OPEC oil producers are consulting about a supply boost but many in the group remain skeptical, saying high prices are due to fears of shortage and world supply is comfortable despite the loss of Libyan crude.
"We are in consultations about a potential output increase, but have not yet decided," Kuwait's Oil Minister Sheikh Ahmad al-Abdullah Al-Sabah told reporters on Tuesday.
OPEC oil ministers have said there was no plan to meet ahead of the group's next scheduled gathering in June. Iran holds the OPEC presidency, a coordinating role rotated annually.
Its OPEC governor Mohammad Ali Khatibi downplayed speculation of more OPEC oil."There is no shortage in the market," he told Reuters. "There is no need for further OPEC supply."
"But the consumers are worried, this is psychological."
Khatabi said he had heard OPEC members were engaging in consultations, but there was "no concrete decision for an OPEC emergency meeting.
Brent oil prices fell by more than $2 after the Kuwaiti minister's comments about a potential output boost, but by 1113 GMT was only 8 cents down at $114.96 a barrel.
On February 24 Brent hit $119.79, its highest since 2008, when it reached an all-time high of $147.50.
SAUDI ALREADY INCREASED
Kuwait has not boosted supplies, Al-Sabah said, but added that Saudi Arabia was likely in the process of boosting production in response to the Libyan situation.
Senior sources in Saudi Arabia, the world's largest crude exporter, told Reuters last week that the kingdom has already increased production and was pumping around 9 million barrels per day.Saudi holds the bulk of OPEC's spare output capacity which can be tapped swiftly. The market looks to the kingdom, sitting on a spare capacity of around 3.5 million barrels per day, to make up for any shortage of oil.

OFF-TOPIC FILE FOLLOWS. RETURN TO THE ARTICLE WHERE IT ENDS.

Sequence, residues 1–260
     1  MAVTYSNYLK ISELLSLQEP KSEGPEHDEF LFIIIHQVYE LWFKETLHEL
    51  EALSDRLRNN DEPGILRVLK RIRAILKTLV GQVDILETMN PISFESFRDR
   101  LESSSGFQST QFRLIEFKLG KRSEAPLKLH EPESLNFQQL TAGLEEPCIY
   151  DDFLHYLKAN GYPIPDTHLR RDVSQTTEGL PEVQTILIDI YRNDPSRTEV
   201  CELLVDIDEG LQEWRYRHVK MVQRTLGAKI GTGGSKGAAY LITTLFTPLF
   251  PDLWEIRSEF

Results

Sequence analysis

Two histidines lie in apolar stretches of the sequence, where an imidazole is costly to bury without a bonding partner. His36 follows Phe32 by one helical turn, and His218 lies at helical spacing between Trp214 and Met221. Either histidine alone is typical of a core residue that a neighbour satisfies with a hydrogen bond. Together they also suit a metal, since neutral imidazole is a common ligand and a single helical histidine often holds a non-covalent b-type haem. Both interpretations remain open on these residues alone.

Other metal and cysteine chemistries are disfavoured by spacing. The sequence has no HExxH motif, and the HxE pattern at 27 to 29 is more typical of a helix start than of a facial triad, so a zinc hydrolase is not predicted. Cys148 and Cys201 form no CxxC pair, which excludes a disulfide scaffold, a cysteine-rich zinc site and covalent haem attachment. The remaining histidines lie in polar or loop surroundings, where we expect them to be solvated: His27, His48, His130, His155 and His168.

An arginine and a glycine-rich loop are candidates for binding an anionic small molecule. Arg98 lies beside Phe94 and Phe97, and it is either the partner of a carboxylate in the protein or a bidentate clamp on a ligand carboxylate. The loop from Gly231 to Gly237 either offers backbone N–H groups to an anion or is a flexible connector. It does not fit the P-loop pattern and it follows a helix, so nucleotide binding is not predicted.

Fellow-member Nigeria would increase its crude oil production if OPEC requested higher output to cool soaring oil prices, state oil company NNPC said on Tuesday.
Nigeria's light, sweet crude oil is similar to the type of oil produced by Libya and would be a good replacement for European refiners.
"We will do whatever OPEC asks its members to do. Whatever is needed under OPEC directives," NNPC spokesman Levi Ajuonoma said.
Algerian oil minister Yousef Yousfi told Reuters Insider late on Monday that a recent surge in oil prices was likely a short-term phenomenon.
OPEC has not changed its output quotas for over two years, since cutting production by a record 4.2 million barrels a day in late 2008 to combat plunging oil prices amid a global economic slowdown.But its output has crept higher over its formal output limits.
It has on a previous occasion in 2001 adjusted output after telephone consultations between ministers and without a meeting.